Why did henry ford chose detroit for the site of his automobile factory

why did henry ford choose detroit?

henry ford chose detroit because there was a plentiful supply of trees, but more importantly, the detroit river naturally split the timber shipments in two. this allowed him to establish his own sawmill on both sides of the river for one part of production and then just wheel across on logs or wheelbarrows.
what distinguishes this answer is its willingness to include some basic details about what made michigan an advantageous place to produce cars at that time.

henry ford selected this location for his company largely because there were so many tree bark available. but more importantly, detroit river divides timber supplies in half which allowed ford motor company to independently operate its own saw mill on either side of the river, with wood only crossing over via rafts or wheel

why was detroit a good place for the car industry?

detroit was a good location for the car industry because of its close proximity to canada and many major u.s. industrial cities and lines of transportation, which provided opportunities for support services; excellent access to markets; and proximity to suppliers of key raw materials such as textiles, metals, glass, fertilizers, woods, plastics compounds. there was no better place in america with these same advantages.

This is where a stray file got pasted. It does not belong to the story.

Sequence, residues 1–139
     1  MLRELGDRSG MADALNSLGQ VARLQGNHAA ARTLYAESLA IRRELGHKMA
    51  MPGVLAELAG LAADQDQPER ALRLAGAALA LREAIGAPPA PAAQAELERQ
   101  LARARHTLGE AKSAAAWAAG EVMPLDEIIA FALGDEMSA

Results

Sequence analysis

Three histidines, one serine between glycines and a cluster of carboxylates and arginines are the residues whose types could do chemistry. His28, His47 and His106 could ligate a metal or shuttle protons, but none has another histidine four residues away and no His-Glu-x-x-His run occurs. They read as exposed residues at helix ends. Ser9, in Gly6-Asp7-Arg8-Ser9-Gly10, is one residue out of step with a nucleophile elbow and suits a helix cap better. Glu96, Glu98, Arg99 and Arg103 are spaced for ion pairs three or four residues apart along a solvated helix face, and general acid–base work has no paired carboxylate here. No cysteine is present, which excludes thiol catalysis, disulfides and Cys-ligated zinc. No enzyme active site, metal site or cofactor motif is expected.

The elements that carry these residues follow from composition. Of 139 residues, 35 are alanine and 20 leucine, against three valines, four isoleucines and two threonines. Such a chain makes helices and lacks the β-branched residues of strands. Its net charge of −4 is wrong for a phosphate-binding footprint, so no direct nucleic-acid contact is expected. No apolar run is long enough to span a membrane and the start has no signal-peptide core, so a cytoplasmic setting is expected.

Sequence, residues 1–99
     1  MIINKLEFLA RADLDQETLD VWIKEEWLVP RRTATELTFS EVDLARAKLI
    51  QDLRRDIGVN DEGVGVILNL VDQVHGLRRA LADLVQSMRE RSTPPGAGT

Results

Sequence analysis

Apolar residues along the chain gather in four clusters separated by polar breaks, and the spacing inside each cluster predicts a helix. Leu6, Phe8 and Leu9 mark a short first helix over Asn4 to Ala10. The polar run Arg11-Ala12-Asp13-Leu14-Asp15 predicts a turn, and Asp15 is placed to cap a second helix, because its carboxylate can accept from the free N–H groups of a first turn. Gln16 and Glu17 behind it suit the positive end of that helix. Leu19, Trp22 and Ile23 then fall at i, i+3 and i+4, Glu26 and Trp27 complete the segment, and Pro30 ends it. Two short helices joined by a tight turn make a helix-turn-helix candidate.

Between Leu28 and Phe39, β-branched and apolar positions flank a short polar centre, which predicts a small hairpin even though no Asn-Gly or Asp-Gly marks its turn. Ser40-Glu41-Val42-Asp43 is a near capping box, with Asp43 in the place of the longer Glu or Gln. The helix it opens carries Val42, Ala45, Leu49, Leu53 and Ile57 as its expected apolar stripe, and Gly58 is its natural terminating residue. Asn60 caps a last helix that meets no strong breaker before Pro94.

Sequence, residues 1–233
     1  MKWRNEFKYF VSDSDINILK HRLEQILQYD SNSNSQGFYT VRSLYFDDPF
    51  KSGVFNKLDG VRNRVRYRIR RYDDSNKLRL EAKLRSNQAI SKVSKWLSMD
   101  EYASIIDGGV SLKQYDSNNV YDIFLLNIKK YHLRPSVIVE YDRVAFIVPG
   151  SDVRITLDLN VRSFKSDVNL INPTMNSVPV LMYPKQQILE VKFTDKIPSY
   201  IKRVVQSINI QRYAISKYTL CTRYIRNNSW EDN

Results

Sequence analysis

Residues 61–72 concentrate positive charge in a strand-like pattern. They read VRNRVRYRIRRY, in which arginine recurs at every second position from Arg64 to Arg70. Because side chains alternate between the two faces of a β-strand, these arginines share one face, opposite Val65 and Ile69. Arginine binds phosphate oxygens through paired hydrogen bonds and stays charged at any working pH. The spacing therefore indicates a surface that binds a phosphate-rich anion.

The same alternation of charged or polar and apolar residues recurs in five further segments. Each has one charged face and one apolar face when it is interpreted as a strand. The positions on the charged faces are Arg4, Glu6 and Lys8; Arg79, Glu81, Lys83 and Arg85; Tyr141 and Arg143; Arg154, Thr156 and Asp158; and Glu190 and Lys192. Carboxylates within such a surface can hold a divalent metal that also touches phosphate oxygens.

why did detroit became the motor city?

it's not clear when the use of motor in this context was first recorded. the 1894 statement, “we are working in the city which has become known as ‘the motor city'”, supports the possibility that people had been associating motors with detroit for years before they initially used it to refer to automobiles. this may have caused people to think of factories that produced motors instead of cars, or it could have reflected a local preference referring to their city by an older nickname.
a 2014 article found newspaper mentions dating back to 1899 for both applications of “motor” and mainly favoring “detroit who became internationally famous for its automobile industry”“. they also mention the same interview with george medbury from 1893-94 so don't really

what did henry ford do in detroit?

in 1903, henry ford built his first moving assembly line for the production of the model a. products were put on a conveyor belt and would move from worker to worker until they were fully assembled. this allowed cars to be mass-produced with interchangeable parts, which meant that the price of a car was significantly cheaper – about one third less than it had been previously. this model set a precedent for assembly lines in most other industries so it became know as “fordism.”

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